Reweighs Without a Subsequent Reclass
Here is another reason for LTL shippers to provide accurate weights and dimensions on the BOL. LTL carriers will reweigh your freight, and inspect and measure your freight. These inspection and subsequent rating processes tend to be highly automated But there is chance for error, or an adjustment, intentional or otherwise, that does not favor the shipper.
Allow me to share the following example. I am sharing this not to point out any flaw or oversight by the carrier involved. The root cause of the issue lies with the shipper, not the carrier. Providing an accurate BOL solves the matter.
The BOL listed 2 skids weighing 238 lbs total and containing NMF 98270-03 CL70 Herbs/Spices and NMF 72910 CL70 Flavoring Compounds. 98270 is a density-based item with CL70 for 15 PCF and greater, CL85 for 10 to 15 PCF, and CL125 for less than 10 PCF. 72910 is a non-density item with a CL70 rating.
The carrier measured this shipment as skids at 40x48x19 and 40x48x64. This yields a cube of 92.2 cubic feet and a density of 2.6 PCF. They adjusted the class to CL250 based upon their Mixed Commodities rule which allows them to use the standard 11-sub density table to classify shipments.
After this dimensional adjustment based upon density, the carrier then reweighed the shipment and found the 2 pallets to weigh 455 + 1,825 = 2,280 lbs. They re-rated this shipment based upon the previously applied CL250 rating and with the adjusted weight of 2,280 lbs. Total charges invoiced were $1,995.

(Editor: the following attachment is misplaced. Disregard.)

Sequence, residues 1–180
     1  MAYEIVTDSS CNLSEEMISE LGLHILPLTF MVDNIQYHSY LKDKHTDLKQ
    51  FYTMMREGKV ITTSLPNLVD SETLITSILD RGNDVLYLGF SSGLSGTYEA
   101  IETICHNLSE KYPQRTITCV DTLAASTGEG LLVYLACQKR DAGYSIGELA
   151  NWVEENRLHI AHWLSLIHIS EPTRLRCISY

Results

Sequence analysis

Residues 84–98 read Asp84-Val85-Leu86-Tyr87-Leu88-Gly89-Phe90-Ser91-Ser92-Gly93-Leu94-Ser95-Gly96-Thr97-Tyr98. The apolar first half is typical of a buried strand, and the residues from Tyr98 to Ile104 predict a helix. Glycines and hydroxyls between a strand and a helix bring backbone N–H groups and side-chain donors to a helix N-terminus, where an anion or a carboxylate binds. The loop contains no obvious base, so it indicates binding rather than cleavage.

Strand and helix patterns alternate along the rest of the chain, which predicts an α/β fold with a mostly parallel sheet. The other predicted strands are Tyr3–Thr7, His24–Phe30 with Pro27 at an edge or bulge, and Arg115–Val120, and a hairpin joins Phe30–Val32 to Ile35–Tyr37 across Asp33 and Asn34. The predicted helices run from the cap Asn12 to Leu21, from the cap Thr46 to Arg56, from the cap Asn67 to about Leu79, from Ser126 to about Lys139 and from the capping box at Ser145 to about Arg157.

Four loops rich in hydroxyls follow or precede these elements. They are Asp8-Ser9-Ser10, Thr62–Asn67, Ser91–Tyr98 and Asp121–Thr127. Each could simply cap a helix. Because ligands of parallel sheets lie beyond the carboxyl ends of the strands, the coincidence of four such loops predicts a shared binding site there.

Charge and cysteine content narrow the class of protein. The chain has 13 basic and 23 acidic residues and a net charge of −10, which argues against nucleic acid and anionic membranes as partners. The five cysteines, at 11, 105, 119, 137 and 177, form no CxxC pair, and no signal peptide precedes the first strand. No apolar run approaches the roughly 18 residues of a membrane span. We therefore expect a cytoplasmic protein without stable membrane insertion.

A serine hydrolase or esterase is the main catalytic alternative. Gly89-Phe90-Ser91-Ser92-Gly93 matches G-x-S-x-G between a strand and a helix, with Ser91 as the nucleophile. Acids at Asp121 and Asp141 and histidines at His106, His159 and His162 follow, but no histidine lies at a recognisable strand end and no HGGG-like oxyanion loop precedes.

I think you can see the problem here. Following the reweigh, the density of this shipment was now 24.7 PCF, which hardly conforms to a CL250 rating. In fact, that conforms to a CL65 rating, or at least the CL70 listed on the original BOL. The carrier maybe should have at least adjusted the charges per their Mixed Commodity rule based upon this reweigh and the change in density. But they did not.
The shipper fortunately noticed this application and filed an overcharge claim after paying the invoiced $1,995 charges. They recovered $1,113 on this shipment. All of this could have been prevented if the shipper provided an accurate weight on the BOL. Or with accurate shipment dimensions, they might have noticed the weight was wrong based upon the low density. Again, this was a shipper error.
Moral #1 of the story: Use a TMS to quote your LTL shipments, use its features to verify selection of the right class, and compare that quote to your final carrier invoices to identify any discrepancies.
Moral #2 of the story: Weigh and measure your LTL shipments to ensure your BOL is accurate. Don’t make your LTL carriers work so hard to catch your errors for you. Let them audit your BOL with their equipment, manpower, and processes so you can prove to them how highly accurate you are.